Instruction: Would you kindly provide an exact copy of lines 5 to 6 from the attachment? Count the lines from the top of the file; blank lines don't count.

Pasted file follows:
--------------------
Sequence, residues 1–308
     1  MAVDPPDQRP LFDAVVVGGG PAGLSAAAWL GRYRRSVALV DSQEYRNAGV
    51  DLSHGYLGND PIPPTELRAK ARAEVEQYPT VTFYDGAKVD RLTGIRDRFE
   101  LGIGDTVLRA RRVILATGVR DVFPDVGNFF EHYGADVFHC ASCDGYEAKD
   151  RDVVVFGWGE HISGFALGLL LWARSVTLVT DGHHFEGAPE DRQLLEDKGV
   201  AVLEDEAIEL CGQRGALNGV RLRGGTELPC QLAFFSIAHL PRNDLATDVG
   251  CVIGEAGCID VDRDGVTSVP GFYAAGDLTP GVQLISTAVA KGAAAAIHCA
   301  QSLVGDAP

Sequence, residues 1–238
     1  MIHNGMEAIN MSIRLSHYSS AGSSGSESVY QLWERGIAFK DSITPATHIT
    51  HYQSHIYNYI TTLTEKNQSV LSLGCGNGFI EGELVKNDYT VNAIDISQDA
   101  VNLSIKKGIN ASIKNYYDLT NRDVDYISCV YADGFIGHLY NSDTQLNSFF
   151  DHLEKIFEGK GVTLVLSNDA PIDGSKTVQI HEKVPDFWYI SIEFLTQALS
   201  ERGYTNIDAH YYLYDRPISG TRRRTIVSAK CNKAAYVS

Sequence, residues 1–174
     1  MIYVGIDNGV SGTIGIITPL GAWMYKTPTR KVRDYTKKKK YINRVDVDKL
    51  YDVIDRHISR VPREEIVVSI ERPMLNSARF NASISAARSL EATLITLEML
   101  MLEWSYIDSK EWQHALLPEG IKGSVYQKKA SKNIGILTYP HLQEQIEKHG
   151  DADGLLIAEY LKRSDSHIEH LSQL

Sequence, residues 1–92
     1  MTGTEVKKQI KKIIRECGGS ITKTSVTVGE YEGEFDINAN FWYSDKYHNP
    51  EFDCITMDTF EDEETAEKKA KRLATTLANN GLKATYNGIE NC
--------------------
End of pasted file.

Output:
   151  RDVVVFGWGE HISGFALGLL LWARSVTLVT DGHHFEGAPE DRQLLEDKGV
   201  AVLEDEAIEL CGQRGALNGV RLRGGTELPC QLAFFSIAHL PRNDLATDVG